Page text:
Archive for the ‘laboratory testing’ Category

"Random Drug Testing" during school enrollment

February 5, 2009

To find a result that does not have a “deterministic pattern” is one reason why tests are done on a random basis. Randomness entails lack of order and predictability. If random drug testing in Manila will be done during the enrollment period as suggested by Manila Police District head Roberto Rosales, the result of the tests could be skewed. Accuracy and reliability might be compromised.

By knowing that the test will conducted on a specified time (i.e during enrollment,) high school and college students expecting the lab exam can change their drug behavior to coincide with the test and therefore lend bias to the result. Without the element of surprise, those who opt against being caught using illicit drugs can skip a few days or weeks of the drug so they can get a negative result.

If Police officer Rosales will propose enrollment drug testing to Mayor Alfredo Lim, both men must be told of this potential test bias. Otherwise, the effort and money to be spent in this activity may only go to waste. (Photo Credit: Reynolds/ Sweetwarrior)=0=

RELATED BLOG: “DOH’s plan to spend P90 million for random drug testing” Posted by mesiamd at 1/30/2009

China’s Shenzhou-7 spacecraft, its melamine-contaminated milk & RP’s incapacity to do lab tests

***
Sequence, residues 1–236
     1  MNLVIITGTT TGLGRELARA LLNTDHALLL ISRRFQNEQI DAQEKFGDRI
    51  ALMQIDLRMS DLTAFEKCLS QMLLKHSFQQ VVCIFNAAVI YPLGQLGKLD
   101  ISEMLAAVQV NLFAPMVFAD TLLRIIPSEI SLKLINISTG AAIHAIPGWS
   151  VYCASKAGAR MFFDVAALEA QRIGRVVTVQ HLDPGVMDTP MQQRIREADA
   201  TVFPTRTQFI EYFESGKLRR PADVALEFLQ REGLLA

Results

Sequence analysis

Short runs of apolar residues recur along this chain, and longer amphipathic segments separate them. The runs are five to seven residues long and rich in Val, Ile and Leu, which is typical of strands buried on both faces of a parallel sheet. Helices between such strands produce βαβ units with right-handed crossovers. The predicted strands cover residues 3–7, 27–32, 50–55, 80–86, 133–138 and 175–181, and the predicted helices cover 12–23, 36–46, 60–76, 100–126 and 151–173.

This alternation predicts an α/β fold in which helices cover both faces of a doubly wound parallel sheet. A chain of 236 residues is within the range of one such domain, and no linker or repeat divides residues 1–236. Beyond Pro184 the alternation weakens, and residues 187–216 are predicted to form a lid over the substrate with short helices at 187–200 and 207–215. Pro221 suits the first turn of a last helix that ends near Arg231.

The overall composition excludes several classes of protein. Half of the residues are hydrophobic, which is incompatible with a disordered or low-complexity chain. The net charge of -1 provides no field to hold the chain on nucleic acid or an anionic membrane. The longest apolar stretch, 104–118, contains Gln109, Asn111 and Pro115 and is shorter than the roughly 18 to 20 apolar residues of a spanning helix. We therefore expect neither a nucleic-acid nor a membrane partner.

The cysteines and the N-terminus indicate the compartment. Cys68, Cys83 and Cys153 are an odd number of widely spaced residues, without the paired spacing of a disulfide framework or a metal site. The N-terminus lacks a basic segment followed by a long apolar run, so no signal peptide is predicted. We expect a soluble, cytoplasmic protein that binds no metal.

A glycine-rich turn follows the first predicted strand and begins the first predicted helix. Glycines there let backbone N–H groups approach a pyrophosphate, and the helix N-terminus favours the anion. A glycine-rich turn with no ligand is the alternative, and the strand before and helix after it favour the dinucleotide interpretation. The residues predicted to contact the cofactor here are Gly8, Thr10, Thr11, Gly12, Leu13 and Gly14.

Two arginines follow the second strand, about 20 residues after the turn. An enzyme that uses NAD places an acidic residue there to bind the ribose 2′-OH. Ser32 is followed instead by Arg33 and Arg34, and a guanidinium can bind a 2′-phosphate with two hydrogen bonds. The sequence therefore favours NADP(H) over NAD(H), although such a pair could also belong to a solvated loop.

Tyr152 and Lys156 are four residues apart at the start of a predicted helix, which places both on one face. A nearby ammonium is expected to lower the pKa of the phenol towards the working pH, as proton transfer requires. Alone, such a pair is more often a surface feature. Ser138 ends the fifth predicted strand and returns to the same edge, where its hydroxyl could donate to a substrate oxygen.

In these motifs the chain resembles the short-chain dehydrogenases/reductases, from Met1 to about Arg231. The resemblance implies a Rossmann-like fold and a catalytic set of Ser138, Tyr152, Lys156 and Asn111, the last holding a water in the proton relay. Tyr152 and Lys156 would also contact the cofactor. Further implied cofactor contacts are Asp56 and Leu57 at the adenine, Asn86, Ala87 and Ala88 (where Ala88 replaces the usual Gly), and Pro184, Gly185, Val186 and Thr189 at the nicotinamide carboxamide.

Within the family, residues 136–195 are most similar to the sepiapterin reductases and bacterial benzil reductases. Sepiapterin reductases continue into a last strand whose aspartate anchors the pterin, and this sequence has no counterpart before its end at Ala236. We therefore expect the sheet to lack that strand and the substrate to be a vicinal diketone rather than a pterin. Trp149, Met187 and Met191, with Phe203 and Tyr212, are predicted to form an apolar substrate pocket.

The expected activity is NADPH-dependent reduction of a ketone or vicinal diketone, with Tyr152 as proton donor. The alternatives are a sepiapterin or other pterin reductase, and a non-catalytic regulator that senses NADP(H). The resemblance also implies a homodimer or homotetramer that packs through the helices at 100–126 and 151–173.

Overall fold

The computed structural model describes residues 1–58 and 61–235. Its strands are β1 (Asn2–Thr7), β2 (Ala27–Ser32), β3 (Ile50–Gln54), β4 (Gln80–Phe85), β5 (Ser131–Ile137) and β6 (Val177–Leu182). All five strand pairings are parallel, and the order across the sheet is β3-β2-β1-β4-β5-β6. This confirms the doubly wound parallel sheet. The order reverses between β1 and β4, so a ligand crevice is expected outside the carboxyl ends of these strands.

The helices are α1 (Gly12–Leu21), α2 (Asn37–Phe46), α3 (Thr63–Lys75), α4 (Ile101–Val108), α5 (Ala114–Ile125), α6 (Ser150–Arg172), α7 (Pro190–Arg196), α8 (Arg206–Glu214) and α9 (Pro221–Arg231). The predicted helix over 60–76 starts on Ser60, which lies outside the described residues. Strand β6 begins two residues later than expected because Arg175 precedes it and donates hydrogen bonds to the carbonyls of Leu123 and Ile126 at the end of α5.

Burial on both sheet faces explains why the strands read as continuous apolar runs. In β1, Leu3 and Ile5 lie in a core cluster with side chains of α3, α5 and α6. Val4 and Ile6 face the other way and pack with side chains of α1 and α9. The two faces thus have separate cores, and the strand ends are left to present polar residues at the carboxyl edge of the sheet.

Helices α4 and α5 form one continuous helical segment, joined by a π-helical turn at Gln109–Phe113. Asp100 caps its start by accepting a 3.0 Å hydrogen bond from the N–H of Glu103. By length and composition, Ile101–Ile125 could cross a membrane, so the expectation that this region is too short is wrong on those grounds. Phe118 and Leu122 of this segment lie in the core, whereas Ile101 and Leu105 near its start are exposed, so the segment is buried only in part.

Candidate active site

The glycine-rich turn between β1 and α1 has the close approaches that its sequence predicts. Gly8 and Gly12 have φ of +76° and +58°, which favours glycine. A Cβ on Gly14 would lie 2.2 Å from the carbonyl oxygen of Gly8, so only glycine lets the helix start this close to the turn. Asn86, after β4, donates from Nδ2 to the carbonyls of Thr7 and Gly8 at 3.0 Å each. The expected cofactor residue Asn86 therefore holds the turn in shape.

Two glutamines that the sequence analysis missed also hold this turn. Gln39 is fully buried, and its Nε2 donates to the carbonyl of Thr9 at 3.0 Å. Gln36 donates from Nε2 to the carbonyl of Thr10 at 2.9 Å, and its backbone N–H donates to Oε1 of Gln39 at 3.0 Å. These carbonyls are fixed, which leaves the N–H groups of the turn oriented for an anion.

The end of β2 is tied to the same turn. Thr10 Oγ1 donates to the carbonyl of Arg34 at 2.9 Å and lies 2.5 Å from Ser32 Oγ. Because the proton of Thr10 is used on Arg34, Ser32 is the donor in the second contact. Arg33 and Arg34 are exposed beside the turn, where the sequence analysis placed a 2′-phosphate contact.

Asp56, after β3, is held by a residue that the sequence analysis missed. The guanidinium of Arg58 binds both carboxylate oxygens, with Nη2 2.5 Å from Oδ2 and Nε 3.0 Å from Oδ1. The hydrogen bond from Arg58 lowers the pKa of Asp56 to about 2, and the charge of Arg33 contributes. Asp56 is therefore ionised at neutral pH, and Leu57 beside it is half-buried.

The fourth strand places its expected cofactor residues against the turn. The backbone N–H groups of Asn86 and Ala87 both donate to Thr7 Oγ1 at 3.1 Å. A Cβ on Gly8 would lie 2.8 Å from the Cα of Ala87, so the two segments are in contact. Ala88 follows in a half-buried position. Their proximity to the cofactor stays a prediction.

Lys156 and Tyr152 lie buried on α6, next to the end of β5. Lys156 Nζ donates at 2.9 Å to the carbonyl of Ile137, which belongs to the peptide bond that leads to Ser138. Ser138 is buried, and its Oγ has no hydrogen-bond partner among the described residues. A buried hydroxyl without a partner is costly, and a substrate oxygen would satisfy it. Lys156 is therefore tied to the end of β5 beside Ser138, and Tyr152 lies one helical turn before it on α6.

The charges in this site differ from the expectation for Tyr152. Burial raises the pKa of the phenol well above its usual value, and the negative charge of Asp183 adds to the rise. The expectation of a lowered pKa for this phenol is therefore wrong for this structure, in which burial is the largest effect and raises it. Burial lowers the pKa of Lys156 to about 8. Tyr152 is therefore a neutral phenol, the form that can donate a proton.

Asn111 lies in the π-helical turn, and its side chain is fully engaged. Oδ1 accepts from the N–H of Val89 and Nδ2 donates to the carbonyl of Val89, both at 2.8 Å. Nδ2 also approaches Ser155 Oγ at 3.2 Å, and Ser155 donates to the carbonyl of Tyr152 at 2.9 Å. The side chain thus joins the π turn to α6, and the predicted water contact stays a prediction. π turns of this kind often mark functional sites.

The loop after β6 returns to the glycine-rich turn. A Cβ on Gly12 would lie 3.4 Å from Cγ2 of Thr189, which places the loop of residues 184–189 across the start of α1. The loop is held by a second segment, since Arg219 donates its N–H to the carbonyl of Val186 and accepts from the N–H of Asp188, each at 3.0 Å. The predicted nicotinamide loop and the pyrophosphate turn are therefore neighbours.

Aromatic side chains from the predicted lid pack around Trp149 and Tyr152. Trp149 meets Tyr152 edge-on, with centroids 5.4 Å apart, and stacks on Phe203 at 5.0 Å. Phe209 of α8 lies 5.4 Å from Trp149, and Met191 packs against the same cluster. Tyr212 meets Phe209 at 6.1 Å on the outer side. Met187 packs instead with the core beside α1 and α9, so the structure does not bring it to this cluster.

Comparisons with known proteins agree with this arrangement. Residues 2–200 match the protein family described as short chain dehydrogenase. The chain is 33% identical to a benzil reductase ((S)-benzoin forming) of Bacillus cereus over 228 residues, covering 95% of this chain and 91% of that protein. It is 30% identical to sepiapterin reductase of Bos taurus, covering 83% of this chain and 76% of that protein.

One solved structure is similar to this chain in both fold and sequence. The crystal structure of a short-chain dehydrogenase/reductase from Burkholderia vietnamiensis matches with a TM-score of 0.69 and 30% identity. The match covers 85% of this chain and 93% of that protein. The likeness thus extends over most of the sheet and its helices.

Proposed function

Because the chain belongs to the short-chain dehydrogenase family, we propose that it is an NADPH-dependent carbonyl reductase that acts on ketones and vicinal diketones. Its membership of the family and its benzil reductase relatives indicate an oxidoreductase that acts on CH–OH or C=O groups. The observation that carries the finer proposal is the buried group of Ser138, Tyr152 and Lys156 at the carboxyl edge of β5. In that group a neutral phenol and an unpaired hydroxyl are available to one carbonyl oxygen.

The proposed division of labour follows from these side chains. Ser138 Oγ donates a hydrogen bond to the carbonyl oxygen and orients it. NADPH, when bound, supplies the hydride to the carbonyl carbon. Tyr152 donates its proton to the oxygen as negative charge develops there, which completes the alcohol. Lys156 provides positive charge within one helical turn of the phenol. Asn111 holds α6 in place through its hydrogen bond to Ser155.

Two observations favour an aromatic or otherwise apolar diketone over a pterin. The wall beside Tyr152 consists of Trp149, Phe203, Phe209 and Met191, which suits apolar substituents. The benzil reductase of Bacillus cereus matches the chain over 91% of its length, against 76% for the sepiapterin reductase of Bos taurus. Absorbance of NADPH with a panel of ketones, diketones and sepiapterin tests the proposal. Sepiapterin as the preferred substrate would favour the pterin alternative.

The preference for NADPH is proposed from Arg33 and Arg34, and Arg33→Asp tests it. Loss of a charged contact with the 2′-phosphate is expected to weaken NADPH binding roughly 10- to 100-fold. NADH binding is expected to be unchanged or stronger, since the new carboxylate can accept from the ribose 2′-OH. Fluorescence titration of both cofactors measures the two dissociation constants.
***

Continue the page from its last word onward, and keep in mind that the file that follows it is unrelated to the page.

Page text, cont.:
September 27, 2008

The Beijing Space Command and Control Center announced the successful space walk of astronaut Zhai Zhigang who carried a Chinese flag outside the orbit module. The proud news of being the third country to ever do such a feat in space is bogged by the worsening embarrassment from the sale of melamine-tainted milk which sickened more than 53,000 children (mostly in China,) and blamed for the death of at least 4 people. Melamine-related illnesses had been reported in Taiwan, Shanghai, and Hong Kong.

The Chinese adulterated milk has crept into other dairy and food products including the popular “white rabbit” candies, chocolates, ice-cream, yoghurt, pastries and confectioner’s biscuits. This food safety scandal has been on-going since last year when China has been under criticism for improperly selling pet food, toys, toothpaste laced with industrial toxins. The European Union, Japan, Brunei, Singapore, Malaysia, Hong Kong, and Taiwan are among countries which banned the Chinese imported milk.

Amid outrage versus greed and corruption, Prime Minster Wen Jiabao promised food safety and ethical standards in Chinese products. This year, the Philippines bought 2 million kilograms of milk from China. Monitoring by the Department of Health (DOH) for illnesses that may be ascribed to melamine-contamination in milk and dairy products is on-going.

The Philippines has meager laboratory capacity to undertake testing for melamine and other poisons. Authorities mull on sending specimens out to neighboring countries the way they did with the endosulfan scare and fatality identification during the sinking of Princess of the Stars three months ago. To avoid future embarrassments, a self-respecting country must put up a decent laboratory of its own. The government must not rely on its neighbors to do its laboratory work. (Photo Credits: AP; Annasea; brutaldolltx) =0=

Update: On September 29, 2008, the popular Cadbury cholocate has been recalled from sale in Great Britain in the wake of melamine-contamination scare. The recall doesn’t cover the Cadbury chocolates being sold in United States.